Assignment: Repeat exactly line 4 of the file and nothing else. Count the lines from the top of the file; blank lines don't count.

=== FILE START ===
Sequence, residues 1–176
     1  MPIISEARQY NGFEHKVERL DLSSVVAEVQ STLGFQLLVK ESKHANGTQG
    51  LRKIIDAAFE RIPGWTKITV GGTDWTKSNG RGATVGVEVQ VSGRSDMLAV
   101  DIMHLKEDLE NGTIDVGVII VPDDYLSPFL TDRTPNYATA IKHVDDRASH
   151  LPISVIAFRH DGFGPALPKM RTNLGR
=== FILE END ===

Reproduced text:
   101  DIMHLKEDLE NGTIDVGVII VPDDYLSPFL TDRTPNYATA IKHVDDRASH